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Friday, March 07, 2008

Marijuana Legislation DIES in KS Senate Committee

Marijuana Legislation Dies in KS Senate Committee
Marijuana Legislation Dies in KS Senate Committee
Posted by CN Staff on March 03, 2008 at 04:39:22 PT
By Adrianne DeWeese
Source: Kansas State Collegian

Kansas -- A proposed bill in a Kansas Senate committee that would establish a medical marijuana defense act failed to advance further nearly three weeks after its introduction.
After testimony from supporters and opponents on Feb. 11, the Senate Committee on Health Care Strategies members chose to not advance the proposed bill to a stage of committee debate. The legislation is now considered "dead" for the 2007 Kansas legislative session, but those in favor and against the issue continue their debate and stances.

The Proposed Legislation

Senate Committee on Health Care Strategies vice chairman Pete Brungardt, R-Salina, said the proposed legislation died in committee Friday because of today's Kansas legislative session turnaround.

The legislature now is in the second year of its biennium, which means all proposed bills in either the Kansas House or Senate had to leave the Senate on or before Friday. An exception to the rule takes place if proposed legislation is introduced in the Ways or Means Committee or Federal State of Affairs, in which case the bill would have until the end of the legislative session, Brungardt said.

Health Strategies committee members had a general consent that more medically effective and legal drugs exist, Brungardt said, and the proposed legislation received no further debate or discussion in committee.

"The impression you get with casual talk from members is that it was not supported," Brungardt said.

The proposed Senate bill would be known as the Medical Marijuana Defense Act, according to the proposed legislation. The proposed bill defined what constitutes a "debilitating medical condition" and "written certification" from a physician.

According to the proposed Senate bill, "debilitating medical condition" might include, but is not limited to, one or more of the following:

* Cancer, glaucoma, positive status for HIV, AIDS, hepatitis C, amyotrophic lateral sclerosis, Crohn's disease, agitation of Alzheimer's disease or the treatment of these conditions; or

* A chronic or debilitating disease or its treatment that produces one or more of the following: Cachexia or wasting syndrome; severe pain; severe nausea; seizures, including, but not those limited to, those characteristic of epilepsy; bladder spasticity or inflammation or severe and persistent muscle spasms, including, but not limited to, those characteristic of multiple sclerosis.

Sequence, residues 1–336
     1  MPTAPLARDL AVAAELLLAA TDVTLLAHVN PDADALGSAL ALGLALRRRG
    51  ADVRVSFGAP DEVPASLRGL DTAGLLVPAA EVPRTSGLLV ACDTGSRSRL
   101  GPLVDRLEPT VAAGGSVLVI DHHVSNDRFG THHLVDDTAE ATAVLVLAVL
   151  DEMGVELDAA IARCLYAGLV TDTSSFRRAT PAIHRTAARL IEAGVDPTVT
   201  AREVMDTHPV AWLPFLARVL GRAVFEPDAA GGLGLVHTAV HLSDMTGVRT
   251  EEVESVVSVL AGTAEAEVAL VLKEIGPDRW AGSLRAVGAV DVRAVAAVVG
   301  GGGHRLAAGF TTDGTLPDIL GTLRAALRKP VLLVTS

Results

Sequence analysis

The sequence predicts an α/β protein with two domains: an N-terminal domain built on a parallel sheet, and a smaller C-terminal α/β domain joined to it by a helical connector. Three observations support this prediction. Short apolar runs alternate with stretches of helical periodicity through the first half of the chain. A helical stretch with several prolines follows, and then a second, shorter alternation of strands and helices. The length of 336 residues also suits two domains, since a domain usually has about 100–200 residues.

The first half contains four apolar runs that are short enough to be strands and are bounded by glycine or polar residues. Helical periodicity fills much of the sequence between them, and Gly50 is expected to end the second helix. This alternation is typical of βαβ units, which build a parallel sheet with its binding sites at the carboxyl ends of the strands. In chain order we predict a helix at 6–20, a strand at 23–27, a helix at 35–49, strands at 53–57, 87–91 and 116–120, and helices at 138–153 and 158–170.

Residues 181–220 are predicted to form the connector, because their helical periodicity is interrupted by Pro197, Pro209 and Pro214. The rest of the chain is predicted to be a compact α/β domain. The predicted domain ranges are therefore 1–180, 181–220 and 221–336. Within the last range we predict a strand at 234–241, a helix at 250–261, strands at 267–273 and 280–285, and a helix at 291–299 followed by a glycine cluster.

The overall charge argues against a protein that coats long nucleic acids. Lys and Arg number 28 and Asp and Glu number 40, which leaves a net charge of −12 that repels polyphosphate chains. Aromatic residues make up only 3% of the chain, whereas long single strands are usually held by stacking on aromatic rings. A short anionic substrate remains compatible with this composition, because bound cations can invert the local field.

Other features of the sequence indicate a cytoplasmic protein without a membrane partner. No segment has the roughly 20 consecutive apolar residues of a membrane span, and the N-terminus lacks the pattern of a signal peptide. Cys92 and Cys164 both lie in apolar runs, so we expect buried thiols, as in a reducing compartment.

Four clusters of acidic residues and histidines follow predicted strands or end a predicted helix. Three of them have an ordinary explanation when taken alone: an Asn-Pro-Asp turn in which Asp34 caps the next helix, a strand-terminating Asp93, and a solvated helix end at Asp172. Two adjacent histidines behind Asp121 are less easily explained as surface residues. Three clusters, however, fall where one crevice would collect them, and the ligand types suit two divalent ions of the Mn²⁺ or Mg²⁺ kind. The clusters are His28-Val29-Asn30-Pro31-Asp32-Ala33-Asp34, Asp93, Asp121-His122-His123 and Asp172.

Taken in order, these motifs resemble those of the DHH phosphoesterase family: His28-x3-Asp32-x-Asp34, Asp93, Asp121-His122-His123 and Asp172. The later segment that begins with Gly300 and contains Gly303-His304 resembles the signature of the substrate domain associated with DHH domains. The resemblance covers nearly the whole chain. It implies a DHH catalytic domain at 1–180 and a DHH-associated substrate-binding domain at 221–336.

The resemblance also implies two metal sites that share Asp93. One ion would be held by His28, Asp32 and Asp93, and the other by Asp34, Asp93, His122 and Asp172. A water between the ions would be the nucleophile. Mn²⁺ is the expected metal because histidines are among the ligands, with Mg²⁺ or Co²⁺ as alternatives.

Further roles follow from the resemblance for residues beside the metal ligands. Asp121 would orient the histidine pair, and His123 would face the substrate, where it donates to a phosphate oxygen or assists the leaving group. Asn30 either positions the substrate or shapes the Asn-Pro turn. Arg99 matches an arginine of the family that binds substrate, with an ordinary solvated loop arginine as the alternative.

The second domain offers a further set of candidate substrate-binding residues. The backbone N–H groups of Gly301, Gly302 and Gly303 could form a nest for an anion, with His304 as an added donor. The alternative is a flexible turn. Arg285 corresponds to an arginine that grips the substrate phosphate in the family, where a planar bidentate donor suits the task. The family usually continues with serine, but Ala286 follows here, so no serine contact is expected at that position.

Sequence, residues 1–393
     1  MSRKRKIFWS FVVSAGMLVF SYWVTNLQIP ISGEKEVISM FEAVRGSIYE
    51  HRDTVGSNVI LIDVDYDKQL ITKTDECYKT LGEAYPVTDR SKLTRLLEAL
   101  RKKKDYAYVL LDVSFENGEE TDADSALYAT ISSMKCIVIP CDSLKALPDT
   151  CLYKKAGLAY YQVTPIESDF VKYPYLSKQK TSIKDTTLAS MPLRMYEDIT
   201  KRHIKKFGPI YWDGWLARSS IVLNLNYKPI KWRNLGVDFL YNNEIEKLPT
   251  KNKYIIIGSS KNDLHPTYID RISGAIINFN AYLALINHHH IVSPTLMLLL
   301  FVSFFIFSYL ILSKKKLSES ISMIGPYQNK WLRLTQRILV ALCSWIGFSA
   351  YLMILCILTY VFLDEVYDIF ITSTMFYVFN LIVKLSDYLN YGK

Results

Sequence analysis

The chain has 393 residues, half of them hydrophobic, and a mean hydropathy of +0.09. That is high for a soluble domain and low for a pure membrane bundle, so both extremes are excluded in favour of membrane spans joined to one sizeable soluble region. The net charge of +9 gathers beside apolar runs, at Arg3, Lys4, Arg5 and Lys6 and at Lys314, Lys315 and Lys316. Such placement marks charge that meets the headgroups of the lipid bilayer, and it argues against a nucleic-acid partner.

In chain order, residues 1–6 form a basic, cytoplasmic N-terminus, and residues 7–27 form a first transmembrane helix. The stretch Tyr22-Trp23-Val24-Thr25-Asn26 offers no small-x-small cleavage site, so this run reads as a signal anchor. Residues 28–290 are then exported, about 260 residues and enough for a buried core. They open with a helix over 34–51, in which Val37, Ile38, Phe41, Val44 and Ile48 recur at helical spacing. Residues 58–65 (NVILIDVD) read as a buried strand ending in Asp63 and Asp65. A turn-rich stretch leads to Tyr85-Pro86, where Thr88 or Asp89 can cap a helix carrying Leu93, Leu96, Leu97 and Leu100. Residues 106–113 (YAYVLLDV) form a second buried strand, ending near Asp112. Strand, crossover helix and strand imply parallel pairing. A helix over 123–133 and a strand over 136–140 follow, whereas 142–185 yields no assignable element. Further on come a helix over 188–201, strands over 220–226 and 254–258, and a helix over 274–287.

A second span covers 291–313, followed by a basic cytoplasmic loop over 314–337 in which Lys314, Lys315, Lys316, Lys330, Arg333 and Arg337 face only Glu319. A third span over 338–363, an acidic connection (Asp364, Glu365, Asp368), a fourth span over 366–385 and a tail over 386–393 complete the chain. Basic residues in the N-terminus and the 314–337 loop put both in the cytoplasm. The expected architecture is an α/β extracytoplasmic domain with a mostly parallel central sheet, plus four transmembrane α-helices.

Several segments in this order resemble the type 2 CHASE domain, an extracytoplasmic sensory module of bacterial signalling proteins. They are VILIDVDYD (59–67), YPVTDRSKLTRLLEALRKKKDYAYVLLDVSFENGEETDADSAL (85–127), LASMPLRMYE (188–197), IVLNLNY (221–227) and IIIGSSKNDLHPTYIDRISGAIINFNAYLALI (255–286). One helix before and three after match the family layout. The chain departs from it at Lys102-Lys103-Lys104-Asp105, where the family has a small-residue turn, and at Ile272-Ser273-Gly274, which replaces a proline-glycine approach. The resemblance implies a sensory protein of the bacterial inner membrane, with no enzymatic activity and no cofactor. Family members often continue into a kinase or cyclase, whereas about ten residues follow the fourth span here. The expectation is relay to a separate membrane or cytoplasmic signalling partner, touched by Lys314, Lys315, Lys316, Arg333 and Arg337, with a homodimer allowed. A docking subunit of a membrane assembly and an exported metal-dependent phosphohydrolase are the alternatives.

"Written certification" from a physician means a physician-signed document who also is in good standing with the state board of healing arts, according to the proposed Senate bill.

A Collaborative Effort

With Former Kansas Attorney Gen. Robert Stephan as their legal consultant, the Kansas Compassionate Care Coalition testified before the Kansas Senate Committee on Health Care Strategies on Feb. 11 in support of the proposed legislation.

The Kansas Compassionate Care Coalition has existed for about a year-and-a-half, said Laura Green, coalition director. The coalition has about 850 members, including cancer patients, their family members, doctors, nurses and caregivers.

Stephan's press conference about medicinal marijuana at the State Capitol in August 2007 developed an interest about the proposed legislation, Green said.

"With his involvement, we were able to bring it to the legislature," Green said. "I don't think we would have been able to advance our bill without his support, especially in an election year."

Stephan, who served as Kansas attorney general from 1979-95, said in a telephone interview that he supports only the medicinal uses for marijuana. He said under the proposed legislation, patients who use marijuana for medicinal purposes could still be charged with a crime. However, if a judge finds that the marijuana had been recommended for medical purposes, Stephan said the person in possession of marijuana would have a defense for it.

Stephan has supported medicinal marijuana for 25 years and the reclassification of marijuana from a Schedule I drug to a Schedule II drug. Schedule I drugs have a high potential for abuse and have no currently accepted medicinal use in treatment in the U.S. Schedule II drugs have a high potential for abuse along with a currently accepted medical use treatment in the U.S. or currently accepted medical use with severe restrictions, according to the DEA's Web site.